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Background: Although it is known that Alzheimer's disease (AD) is associated with the progressive accumulation of amyloid β-peptide (Aβ) in the human brain, its pathogenic role has to be completely clarified. Aβ moves from the bloodbrain barrier to the plasma and an increased Aβ production in brain could be associated with higher Aβ concentrations in blood. A recent study has evaluated Aβ40 and Aβ42 levels in human red blood cells (RBCs) with evidence of agedependent higher Aβ concentration in RBCs.
Objective: The aim of the study was to investigate if erythrocyte associated Aβ (iAβ) levels could be different in subjects affected by dementia in comparison with controls and according to the patient’s cognitive impairment or different dementia subtypes.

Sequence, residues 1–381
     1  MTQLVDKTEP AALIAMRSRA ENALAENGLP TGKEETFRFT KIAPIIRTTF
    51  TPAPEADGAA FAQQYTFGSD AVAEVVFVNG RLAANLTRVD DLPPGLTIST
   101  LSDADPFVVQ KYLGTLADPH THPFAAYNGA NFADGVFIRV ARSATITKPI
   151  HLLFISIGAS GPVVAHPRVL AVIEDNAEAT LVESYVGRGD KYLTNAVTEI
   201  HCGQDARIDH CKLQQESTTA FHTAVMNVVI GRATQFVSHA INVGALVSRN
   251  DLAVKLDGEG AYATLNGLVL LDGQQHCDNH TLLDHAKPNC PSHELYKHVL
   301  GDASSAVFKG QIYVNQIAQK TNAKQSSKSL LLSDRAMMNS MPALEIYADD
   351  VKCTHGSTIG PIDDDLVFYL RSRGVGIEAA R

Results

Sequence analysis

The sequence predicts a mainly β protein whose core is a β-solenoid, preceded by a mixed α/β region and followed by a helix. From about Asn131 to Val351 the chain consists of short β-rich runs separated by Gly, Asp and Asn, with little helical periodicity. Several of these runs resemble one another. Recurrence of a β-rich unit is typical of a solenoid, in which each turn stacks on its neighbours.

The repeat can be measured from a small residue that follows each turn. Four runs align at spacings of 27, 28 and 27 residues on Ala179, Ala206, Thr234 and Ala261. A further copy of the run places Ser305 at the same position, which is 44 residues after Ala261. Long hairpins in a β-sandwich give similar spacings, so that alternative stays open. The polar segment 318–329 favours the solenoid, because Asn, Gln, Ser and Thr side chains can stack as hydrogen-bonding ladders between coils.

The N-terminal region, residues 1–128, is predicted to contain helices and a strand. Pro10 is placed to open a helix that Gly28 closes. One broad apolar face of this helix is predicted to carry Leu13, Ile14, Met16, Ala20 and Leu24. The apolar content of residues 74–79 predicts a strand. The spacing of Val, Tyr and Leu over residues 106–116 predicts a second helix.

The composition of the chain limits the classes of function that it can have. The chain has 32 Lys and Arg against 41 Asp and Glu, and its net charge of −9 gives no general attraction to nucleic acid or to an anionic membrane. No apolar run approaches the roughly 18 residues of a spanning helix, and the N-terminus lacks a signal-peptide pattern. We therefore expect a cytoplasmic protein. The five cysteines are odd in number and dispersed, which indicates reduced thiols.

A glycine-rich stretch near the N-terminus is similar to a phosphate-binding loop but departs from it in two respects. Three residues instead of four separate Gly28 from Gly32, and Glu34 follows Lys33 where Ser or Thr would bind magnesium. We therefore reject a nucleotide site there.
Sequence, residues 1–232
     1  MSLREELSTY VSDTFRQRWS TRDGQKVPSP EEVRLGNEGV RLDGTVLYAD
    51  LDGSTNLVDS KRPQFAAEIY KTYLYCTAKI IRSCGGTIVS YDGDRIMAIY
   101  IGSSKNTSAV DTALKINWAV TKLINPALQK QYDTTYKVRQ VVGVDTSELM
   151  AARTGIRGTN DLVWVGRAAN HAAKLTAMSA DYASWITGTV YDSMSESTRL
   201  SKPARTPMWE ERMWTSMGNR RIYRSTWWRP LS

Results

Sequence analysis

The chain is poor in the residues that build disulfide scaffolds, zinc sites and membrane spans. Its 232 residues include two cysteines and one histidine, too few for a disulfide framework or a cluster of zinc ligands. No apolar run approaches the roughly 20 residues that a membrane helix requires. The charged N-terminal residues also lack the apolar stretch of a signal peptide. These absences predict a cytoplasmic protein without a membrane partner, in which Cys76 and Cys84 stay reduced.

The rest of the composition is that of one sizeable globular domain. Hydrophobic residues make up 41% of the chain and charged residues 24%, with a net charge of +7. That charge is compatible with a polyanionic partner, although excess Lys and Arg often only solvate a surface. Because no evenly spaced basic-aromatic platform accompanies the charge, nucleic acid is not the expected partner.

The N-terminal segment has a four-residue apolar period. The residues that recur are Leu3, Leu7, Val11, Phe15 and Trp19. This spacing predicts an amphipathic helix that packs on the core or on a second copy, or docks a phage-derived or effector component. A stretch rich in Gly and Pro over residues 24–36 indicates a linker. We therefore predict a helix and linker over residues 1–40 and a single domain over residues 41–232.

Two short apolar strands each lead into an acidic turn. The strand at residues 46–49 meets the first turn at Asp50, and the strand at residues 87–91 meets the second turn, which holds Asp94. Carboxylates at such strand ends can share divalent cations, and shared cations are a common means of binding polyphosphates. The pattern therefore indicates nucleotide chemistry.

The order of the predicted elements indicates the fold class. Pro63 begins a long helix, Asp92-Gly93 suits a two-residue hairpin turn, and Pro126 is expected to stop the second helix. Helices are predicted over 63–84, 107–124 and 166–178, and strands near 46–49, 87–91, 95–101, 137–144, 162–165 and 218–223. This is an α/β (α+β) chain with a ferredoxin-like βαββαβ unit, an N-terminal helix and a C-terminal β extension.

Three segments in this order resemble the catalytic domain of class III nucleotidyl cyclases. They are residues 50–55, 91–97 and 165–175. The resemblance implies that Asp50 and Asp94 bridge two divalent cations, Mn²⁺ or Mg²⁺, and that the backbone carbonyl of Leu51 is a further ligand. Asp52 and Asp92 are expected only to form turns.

Method: To answer these questions we assessed iAβ40 and iAβ42 levels in 116 patients: 32 healthy controls, 39 with diagnosis of vascular dementia (VaD), 14 mild cognitive impairment (MCI) and 31 AD.
Results: In this population we found significant differences in iAβ42 between controls and cognitive impaired patients. Moreover, iAβ42 significantly differed between dementia vs MCI. AD also showed different iAβ42 levels as compared to VaD. Conversely, no differences were found for iAβ40. All the analyses were adjusted for potential confounders like age, gender and Hb concentration. A direct correlation between increasing iAβ42 concentration and the progression of the cognitive decline using the MMSE score as continuous variable was also found.
Conclusion: Our findings support the evidence that iAβ42 could be an instrument to early recognize dementia and predict cognitive impairment.
Alzheimer's disease, cognitive impairment, amyloid β peptide, biomarker, erythrocyte associated Aβ42, Aβ40.